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Q: Historical price of gold data back to antiquity ( No Answer,   1 Comment )
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Subject: Historical price of gold data back to antiquity
Category: Business and Money > Economics
Asked by: ckent-ga
List Price: $55.00
Posted: 30 Nov 2006 02:11 PST
Expires: 30 Dec 2006 02:11 PST
Question ID: 786920
What are the historical prices of gold, against the US Dollar, UK
Pound, and other world-leading currencies going back to antiquity?  I
want to go back at least 2,000 years, so I think I want whatever were
the largest civilisations' currencies in the middle ages, dark ages,
Roman empire, and ancient Greece.  I don't know if it's possible to go
back as far as Sumeria.  Ancient eastern civilisations would be nice to have.

I am aware that gold prices have been measured using different weights
over history.  A better answer would standardize the weights
throughout the answer, but I believe this is something I could easily
convert myself later, so it is (probably) not necessary.

The same goes for purity levels.  I am hoping 24ct (100% pure) is
something the answer can standardize upon, but it occurs to me that it
may not always have been achievable to obtain throughout history.  A
good answer will take the most sensible approach.

I am aware that some currencies did contain an amount of gold in their
coinage, but I am not sure if this was ever the sole reason for the
price of gold (in that currency).  A better answer will note this
effect over time, if it is important to know.

The same applies to gold reserves which were held for some currencies.
I am not sure if this ever was the sole reason for the price of gold
(in that currency).  A better answer will note this effect over time,
if it is important to know.

If there is more than one price for any given moment and currency,
then I would like the most central location, or most official price,
applicable.  A good answer will take the most sensible approach, with
multiple data if necessary.  In which case, this should also apply to
any "street" prices that deviate substantially from a mandated price
that is of limited historical validity.

The answers can come in a table of numbers, or more likely a bunch of
tables.  I don't need graphs.  Each table should have at least one
currency, time period, and price of gold.  Additionally it may contain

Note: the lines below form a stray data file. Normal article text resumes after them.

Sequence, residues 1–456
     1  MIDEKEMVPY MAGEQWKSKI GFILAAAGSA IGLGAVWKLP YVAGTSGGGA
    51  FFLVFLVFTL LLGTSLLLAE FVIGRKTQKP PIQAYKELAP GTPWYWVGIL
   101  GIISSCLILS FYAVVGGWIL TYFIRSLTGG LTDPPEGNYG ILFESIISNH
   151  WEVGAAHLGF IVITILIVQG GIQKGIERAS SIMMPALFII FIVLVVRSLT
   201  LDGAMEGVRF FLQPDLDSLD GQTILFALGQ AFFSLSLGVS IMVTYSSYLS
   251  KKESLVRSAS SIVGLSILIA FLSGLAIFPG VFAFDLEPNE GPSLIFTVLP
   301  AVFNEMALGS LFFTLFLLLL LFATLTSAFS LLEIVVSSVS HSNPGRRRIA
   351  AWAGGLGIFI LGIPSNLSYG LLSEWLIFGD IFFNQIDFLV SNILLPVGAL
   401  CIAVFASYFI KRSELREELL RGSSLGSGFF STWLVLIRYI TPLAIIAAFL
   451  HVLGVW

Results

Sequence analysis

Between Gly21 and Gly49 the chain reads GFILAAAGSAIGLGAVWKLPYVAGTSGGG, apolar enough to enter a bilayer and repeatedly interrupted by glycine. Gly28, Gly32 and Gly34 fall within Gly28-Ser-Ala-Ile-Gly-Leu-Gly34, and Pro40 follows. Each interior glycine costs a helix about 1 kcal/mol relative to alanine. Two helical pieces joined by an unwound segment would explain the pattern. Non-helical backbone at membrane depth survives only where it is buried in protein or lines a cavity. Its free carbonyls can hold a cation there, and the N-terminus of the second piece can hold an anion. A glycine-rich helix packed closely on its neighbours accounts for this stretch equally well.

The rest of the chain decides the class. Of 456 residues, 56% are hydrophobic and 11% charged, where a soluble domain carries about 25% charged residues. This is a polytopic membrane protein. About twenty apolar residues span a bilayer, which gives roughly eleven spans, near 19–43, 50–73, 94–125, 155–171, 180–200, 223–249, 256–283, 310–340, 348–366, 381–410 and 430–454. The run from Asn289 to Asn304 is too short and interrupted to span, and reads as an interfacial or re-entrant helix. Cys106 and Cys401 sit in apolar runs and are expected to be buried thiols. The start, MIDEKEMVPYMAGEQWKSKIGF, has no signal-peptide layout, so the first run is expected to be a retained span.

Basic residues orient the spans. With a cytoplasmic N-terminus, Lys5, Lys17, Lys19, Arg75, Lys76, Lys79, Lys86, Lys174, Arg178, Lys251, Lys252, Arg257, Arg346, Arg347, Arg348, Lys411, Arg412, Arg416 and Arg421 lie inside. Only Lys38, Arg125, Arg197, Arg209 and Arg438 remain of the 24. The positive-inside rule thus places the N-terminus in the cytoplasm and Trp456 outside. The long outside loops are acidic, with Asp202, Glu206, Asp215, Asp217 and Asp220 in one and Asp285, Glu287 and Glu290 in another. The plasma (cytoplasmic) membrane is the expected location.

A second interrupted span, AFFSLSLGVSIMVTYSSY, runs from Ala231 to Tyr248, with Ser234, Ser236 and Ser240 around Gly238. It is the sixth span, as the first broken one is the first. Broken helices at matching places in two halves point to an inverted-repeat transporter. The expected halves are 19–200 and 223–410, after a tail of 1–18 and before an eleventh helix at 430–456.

data related to the considerations mentioned above, such as purity of
purchased gold, the amount of gold within the coinage, and the
percentage of the currency backed by gold.

An acceptable answer will have some kind of continuity through history
(assuming this is possible), from the Euro to the Romans.  Of course I
expect to see currencies begin and end through history, such as the
two or three German ones last century.

An acceptable answer will identify updates to currencies when
governments changed them.  This would include decimilization, but also
probably invasions and independence.

The maximum detail I need is one data point per year (I don't know the
economic convention for settling on a yearly value ... January 1st? 
Averaging?)  Naturally, the further back you go, the less frequent the
data will be.  Best estimates are perfectly fine.  Anything is better than nothing.

Finally is the question of exactly which currencies to include.  One
currency per time period might be enough, but depending on the time
period, this assumption may be wrong.  I am also not sure if this
question is worth a higher price:  Please tell me if there is more
information I should pay more for.  The background expectation is to
see those currencies that are reported regularly in the news, such as
US, UK, Euro and Japan.  So five at any one time is probably enough.
I expect the maximum number will probably impose itself, depending on
which period of history is being measured.

I will give a $10 tip if you can include all Australian currency
(dollar, pound, anything earlier which is colony-based) back to 1788.

I will probably tip if there is a chunk of tangential but interesting
related information provided that didn't occur to me to ask for.

Please be aware that I am asking four other follow-up questions to do
with the historical price of money and other items.

Clarification of Question by ckent-ga on 02 Dec 2006 04:57 PST
By second-guessing all the clarifications, this looks too complicated.
Once per century will be fine.

All I basically want to get is:

"In the 19th century it cost $$$$$ ..."
"In the 18th century it cost  ..."
"In the 17th century it cost  ..."
...

That's it.
Answer  
There is no answer at this time.

Comments  
Subject: Re: Historical price of gold data back to antiquity
From: probonopublico-ga on 30 Nov 2006 02:26 PST
 
As far as I know the Iceni Banks never published Gold Prices but I am
sure that the Bank of Rome will have records going back to 700 BC or
so.

I wouldn't be surprised if Digsalot knows a lot.

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